Wire format header does not describe number of file descriptors per message
The Wayland wire format header provides a field for the message length in bytes, but does not provide a field for the number of file descriptors that is consumed.
Because clients must fully parse the incoming protocol to match the file descriptors that are provided with corresponding messages, an inventive solution in libwayland-client is needed to ensure that clients can parse even messages sent to objects that have been deleted by the client, but not yet acknowledged as deleted by the server. If the wire format would describe the number of file descriptors used per message, then libwayland-client could more easily close all file descriptors corresponding to unknown messages.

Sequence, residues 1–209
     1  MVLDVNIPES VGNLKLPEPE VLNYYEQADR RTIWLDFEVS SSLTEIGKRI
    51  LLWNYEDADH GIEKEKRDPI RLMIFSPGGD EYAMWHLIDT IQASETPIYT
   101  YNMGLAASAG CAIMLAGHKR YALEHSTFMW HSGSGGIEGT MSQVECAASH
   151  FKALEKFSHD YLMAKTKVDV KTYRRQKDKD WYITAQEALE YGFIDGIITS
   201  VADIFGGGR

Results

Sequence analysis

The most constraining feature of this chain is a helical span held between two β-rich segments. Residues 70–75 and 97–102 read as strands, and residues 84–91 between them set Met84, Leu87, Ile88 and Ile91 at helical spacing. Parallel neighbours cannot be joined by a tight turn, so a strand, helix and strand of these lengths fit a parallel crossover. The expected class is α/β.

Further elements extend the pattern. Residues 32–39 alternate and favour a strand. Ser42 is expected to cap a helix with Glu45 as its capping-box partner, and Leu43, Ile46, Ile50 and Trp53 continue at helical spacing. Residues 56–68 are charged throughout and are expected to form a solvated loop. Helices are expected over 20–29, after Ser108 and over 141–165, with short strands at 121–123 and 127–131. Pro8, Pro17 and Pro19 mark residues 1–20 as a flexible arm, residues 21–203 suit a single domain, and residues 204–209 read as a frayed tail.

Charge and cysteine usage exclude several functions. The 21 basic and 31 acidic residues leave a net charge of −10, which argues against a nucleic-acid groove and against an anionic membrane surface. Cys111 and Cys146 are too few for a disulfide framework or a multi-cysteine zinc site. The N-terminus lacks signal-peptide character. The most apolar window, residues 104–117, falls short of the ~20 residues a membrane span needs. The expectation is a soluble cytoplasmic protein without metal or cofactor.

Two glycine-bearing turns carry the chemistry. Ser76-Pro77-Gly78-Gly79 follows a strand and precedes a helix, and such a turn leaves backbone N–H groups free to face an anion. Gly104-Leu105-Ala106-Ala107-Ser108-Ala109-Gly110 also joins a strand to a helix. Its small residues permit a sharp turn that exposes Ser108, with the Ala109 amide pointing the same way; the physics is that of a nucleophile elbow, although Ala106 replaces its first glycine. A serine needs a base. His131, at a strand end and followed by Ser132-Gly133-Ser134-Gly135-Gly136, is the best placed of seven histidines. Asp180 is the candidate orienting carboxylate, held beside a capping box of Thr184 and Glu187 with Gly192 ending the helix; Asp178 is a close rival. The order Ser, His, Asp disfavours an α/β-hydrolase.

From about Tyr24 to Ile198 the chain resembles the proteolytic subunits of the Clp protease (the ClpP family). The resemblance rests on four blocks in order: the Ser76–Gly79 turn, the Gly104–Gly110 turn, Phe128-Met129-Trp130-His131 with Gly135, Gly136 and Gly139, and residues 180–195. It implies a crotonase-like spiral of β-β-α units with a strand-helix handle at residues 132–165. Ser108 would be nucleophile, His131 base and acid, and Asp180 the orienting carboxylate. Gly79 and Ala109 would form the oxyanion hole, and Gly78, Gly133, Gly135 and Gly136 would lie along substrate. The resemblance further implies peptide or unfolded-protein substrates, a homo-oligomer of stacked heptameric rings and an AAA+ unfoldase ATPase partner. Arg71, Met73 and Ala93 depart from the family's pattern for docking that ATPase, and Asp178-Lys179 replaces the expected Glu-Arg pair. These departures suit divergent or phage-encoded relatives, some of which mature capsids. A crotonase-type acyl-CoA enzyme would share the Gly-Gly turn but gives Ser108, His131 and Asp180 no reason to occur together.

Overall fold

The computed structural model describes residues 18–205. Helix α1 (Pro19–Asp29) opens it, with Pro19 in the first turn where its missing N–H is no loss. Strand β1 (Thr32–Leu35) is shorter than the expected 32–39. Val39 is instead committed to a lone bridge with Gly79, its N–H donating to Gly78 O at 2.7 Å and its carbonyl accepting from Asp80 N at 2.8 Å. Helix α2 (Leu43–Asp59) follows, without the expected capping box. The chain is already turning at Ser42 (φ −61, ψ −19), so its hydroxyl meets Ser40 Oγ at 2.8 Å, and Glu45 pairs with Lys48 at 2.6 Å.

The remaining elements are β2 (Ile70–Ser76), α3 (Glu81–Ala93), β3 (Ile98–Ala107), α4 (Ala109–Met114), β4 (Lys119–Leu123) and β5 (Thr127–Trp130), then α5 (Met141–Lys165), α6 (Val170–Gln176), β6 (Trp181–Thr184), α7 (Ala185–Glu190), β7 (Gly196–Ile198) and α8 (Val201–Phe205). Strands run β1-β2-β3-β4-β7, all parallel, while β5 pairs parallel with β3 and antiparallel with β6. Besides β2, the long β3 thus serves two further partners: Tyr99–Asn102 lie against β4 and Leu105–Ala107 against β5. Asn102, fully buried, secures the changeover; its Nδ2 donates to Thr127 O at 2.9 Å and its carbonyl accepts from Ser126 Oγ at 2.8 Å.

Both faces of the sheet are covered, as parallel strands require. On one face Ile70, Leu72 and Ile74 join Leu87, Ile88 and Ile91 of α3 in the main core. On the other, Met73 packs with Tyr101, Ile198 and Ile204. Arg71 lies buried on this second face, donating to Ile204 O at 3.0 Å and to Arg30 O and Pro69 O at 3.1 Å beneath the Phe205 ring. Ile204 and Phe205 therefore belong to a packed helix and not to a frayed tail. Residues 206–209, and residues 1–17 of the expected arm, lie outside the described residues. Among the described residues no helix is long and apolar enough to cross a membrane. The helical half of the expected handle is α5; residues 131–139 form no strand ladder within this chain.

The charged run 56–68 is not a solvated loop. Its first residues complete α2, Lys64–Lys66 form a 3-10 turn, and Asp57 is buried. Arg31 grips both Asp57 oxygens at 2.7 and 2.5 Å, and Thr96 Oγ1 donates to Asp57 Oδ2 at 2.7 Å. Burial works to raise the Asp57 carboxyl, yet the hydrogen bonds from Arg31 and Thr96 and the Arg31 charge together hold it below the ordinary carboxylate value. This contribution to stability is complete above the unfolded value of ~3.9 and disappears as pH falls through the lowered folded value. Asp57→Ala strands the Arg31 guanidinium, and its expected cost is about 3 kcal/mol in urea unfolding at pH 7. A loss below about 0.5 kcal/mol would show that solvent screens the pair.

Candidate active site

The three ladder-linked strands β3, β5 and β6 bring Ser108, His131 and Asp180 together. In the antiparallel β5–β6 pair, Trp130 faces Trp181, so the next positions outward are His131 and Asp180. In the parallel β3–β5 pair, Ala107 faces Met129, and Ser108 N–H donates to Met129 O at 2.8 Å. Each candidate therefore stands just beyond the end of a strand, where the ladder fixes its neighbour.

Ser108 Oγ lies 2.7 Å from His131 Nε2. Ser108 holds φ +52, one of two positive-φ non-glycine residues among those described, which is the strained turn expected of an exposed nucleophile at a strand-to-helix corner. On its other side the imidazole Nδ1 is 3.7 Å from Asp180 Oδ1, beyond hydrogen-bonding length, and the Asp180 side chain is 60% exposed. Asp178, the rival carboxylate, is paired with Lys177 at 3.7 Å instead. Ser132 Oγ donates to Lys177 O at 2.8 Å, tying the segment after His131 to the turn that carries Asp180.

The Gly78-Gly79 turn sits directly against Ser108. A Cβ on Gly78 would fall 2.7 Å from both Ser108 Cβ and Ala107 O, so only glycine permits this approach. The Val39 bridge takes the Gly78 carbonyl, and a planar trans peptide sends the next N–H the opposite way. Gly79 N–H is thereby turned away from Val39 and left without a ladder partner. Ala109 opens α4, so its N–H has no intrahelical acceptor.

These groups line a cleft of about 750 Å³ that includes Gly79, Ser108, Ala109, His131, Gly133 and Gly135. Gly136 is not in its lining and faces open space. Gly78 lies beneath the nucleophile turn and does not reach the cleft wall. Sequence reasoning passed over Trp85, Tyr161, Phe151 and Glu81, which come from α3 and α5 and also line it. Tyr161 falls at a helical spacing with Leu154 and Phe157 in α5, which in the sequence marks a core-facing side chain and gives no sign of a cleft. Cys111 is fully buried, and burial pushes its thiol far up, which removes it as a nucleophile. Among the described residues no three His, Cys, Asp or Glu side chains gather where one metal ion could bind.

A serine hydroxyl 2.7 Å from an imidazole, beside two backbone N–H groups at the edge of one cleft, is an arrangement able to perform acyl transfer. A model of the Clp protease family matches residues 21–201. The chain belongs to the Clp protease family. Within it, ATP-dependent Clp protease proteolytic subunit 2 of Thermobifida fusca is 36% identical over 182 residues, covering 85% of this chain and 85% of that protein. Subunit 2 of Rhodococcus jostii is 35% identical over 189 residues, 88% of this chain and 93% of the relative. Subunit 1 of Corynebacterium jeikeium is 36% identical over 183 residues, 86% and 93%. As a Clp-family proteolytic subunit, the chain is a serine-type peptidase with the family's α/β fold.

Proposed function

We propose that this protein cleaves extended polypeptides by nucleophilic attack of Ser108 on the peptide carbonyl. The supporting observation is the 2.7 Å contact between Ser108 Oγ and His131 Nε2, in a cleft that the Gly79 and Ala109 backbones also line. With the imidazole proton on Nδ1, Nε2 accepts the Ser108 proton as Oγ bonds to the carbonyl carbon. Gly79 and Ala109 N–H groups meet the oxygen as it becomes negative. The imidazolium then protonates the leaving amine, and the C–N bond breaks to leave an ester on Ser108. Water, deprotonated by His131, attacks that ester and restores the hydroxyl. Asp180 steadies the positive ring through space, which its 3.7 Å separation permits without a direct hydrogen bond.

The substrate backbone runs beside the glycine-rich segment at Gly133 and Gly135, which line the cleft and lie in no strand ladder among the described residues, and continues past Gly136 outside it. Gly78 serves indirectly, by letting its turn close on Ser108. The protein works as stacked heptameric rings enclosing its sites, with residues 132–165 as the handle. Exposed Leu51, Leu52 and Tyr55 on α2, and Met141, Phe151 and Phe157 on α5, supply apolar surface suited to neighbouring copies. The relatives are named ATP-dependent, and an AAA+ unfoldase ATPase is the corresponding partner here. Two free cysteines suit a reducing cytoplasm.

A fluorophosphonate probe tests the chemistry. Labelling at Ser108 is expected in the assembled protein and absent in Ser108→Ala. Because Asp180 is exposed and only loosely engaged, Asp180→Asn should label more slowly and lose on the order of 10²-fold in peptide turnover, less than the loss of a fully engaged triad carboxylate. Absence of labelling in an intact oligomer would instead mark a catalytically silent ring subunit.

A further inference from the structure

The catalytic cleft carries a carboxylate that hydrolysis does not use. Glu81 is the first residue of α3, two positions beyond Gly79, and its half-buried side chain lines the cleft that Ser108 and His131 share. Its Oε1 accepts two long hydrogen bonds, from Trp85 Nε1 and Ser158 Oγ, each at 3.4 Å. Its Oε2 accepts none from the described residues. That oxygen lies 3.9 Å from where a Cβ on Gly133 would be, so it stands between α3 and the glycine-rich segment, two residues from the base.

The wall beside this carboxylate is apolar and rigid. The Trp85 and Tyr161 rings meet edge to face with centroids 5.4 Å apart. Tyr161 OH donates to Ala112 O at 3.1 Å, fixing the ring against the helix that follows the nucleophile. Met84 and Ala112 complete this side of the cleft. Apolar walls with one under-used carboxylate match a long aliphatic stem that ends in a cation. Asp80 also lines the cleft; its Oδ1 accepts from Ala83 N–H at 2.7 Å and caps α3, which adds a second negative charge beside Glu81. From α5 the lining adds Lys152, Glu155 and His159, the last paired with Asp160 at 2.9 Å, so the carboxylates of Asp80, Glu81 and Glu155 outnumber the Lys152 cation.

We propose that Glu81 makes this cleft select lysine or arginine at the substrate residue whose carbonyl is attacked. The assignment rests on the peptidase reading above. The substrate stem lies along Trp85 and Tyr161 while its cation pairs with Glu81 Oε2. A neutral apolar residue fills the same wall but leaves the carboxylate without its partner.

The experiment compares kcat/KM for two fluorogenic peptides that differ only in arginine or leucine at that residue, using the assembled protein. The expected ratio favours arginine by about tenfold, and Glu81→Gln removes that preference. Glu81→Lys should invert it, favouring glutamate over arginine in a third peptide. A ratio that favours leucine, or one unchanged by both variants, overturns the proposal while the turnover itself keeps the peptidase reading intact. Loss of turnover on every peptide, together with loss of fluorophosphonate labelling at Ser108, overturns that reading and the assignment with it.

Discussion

(I'm adding this issue because it's something to keep in mind in case the wire format ever has some other reason for a change; one may as well solve two problems at once then. It's also an issue for anyone writing their own code to manipulate the Wayland protocol. As noted in the comments of "The Wayland Zombie Apocalypse is Near", wire format and core semantic changes should definitely not be made without consensus or in a way that can break existing code.)
It's possible to update the wire format in a (mostly) backwards compatible fashion. Since practically no messages use >4096 bytes, and no interfaces have >1024 methods, the second word of the wire format has bits to spare to count a small number of fds per message. One approach, albeit not recommended.